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Home / General Travel Tips /
XYZ Consular Info: China 2

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XYZ Consular Info: China 2

Part Two: China Consular Information. Click Here for Part One
SPECIAL CIRCUMSTANCES: Travel to Tibet - It is possible to make travel arrangements to Tibet from outside of China. Once in China, travelers wishing to visit Tibet must join a group, which can be arranged by almost any Chinese travel agency. The travel agency will arrange for the necessary permits and collect any fees. The Chinese government requires foreigners (including U.S. citizens) wishing to visit Tibet to apply in advance for approval from the tourist administration of the Tibetan Autonomous Region.
More information is available from the Chinese Embassy or one of the Chinese consulates in the United States, or, while in China, from the U.S. Embassy or nearest U.S. consulate general. (Please see the above section on Entry Requirements.) Recently, some Americans with long-term Chinese visas have experienced difficulty obtaining permits to visit Tibet.
ENGLISH TEACHERS/SECONDARY SCHOOL TEACHERS - Many Americans have enjoyed their teaching experience in China; others have encountered problems. Some Americans have come to China under a contract with promises of good salary, bonuses and other amenities, only to find themselves in tenuous situations often lacking funds to return to the United States. The U.S. Embassy cannot act as a legal advisor or negotiate business or personal grievances on behalf of individual citizens. Americans experiencing problems can contact the Embassy's American Citizens Services Unit at telephone (86-10) 6532-3431, extension 5010, 5609 or 5344, or via e-mail to AmCitBeijing@state.gov to report problems with school employment contracts.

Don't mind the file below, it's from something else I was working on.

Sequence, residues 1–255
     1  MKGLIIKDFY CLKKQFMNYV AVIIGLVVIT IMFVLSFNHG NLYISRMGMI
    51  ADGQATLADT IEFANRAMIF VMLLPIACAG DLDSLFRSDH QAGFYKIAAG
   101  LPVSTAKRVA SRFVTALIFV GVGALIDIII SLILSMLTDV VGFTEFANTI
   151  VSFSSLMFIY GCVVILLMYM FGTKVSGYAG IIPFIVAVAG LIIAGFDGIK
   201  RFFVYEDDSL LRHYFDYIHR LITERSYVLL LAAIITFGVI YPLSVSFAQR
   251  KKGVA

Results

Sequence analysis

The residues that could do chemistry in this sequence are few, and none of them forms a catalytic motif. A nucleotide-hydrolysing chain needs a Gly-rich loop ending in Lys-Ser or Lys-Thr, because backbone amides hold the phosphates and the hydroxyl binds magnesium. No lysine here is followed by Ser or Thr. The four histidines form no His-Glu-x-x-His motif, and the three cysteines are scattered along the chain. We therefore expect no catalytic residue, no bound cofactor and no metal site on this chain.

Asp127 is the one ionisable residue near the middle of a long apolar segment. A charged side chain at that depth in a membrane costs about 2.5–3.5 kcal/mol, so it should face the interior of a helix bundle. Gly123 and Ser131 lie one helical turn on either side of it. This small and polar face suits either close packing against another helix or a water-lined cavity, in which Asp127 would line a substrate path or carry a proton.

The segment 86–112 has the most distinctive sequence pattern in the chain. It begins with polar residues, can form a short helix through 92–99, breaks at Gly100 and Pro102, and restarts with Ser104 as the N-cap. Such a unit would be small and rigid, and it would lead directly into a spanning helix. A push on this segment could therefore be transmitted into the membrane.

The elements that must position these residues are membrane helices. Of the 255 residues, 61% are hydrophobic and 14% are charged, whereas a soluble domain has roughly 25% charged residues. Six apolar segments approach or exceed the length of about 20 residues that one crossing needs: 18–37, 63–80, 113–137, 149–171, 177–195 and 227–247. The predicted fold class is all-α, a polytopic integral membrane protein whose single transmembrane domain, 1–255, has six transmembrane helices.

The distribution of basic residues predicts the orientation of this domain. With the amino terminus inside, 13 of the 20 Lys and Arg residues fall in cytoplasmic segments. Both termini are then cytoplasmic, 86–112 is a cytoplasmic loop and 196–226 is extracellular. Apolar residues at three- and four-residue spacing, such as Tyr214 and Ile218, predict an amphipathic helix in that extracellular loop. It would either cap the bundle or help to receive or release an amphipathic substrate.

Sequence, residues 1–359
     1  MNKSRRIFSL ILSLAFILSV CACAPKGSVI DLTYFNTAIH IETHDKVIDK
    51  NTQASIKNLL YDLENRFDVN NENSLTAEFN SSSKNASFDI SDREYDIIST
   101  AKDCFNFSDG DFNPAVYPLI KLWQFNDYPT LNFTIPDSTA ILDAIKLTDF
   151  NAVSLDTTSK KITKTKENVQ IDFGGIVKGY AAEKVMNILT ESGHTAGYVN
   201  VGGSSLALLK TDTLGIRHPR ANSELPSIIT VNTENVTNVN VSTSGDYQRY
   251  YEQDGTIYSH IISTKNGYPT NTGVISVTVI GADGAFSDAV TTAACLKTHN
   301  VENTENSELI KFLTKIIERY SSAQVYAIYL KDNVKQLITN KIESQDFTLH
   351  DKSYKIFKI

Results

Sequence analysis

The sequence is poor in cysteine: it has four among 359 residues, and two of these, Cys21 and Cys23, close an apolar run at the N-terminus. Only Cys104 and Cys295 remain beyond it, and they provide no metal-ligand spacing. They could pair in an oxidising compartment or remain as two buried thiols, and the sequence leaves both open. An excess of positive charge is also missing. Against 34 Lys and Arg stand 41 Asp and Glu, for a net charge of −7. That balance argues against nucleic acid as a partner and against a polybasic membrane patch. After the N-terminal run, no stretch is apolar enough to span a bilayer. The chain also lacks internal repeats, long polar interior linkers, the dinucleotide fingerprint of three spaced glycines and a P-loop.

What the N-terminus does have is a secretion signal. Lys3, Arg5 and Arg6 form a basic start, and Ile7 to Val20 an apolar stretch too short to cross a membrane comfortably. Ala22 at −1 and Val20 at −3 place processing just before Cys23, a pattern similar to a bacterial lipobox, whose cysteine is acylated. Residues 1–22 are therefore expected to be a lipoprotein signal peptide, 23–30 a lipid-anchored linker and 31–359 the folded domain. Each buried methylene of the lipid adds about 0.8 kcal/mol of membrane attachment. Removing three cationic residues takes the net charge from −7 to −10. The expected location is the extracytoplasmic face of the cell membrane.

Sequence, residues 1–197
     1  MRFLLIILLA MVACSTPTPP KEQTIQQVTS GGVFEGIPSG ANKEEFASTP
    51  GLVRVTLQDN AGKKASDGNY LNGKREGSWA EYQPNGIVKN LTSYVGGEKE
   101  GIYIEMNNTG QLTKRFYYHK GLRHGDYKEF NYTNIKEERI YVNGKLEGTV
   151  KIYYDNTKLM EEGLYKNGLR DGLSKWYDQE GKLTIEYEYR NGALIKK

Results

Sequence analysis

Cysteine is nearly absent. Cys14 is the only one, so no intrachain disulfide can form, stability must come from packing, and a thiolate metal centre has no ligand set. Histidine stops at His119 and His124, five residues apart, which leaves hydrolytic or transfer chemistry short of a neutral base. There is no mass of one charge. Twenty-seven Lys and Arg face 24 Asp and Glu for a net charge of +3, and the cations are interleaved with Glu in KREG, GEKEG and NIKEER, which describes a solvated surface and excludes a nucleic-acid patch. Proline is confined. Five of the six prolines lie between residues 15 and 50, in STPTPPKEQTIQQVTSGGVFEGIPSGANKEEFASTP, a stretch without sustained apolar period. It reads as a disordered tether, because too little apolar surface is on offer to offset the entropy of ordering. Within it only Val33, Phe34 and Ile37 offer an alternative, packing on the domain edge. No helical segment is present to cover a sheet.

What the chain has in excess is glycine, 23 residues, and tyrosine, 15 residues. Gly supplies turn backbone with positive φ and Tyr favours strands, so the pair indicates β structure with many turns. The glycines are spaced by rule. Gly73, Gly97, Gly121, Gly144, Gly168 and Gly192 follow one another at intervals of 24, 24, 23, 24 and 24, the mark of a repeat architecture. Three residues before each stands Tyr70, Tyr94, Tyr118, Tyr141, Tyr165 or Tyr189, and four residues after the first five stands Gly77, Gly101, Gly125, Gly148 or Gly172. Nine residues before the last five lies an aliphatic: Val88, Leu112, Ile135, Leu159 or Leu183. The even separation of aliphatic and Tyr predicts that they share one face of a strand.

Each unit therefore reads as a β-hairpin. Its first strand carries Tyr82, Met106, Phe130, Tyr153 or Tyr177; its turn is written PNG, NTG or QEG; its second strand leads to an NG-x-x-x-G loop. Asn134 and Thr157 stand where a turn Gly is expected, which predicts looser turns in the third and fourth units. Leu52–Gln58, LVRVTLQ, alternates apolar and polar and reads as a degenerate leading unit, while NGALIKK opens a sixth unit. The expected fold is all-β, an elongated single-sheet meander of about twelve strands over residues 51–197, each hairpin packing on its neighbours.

American teachers considering teaching English in China should check that their contracts specify the maximum number of classroom hours per day and per week, maximum workdays per week, and vacation periods. Americans teaching in China, particularly at newly established private secondary schools and private English training centers, have often found their employers unable or unwilling to honor contract terms or to assist in obtaining Chinese employment-based visas and other permits required for foreigners to teach lawfully in China. Prospective teachers should always ask for references of other foreign teachers who have completed a contract teaching term and have returned to their home country. Prospective teachers should never come to China without first receiving the proper "Z" or work visa from the Chinese Embassy. Prospective teachers should not accept a promise by a school or organization to obtain the correct visa after their arrival. Health insurance provided by Chinese employers should be supplemented as described above. (Please see the section on Medical Insurance.)
DISASTER PREPAREDNESS: Some areas of China frequented by Americans, notably Yunnan Province, are prone to earthquakes. Coastal areas of Hainan, Guangdong, Fujian, and Zhejiang provinces are subject to typhoons during the summer rainy season. General information about natural disaster preparedness is available via the Internet from the U.S. Federal Emergency Management Agency (FEMA) at http://www.fema.gov. Travelers should check weather conditions for cities and areas in China prior to departure. Winter weather and summer typhoons often cause the closure of airports in some parts of the country.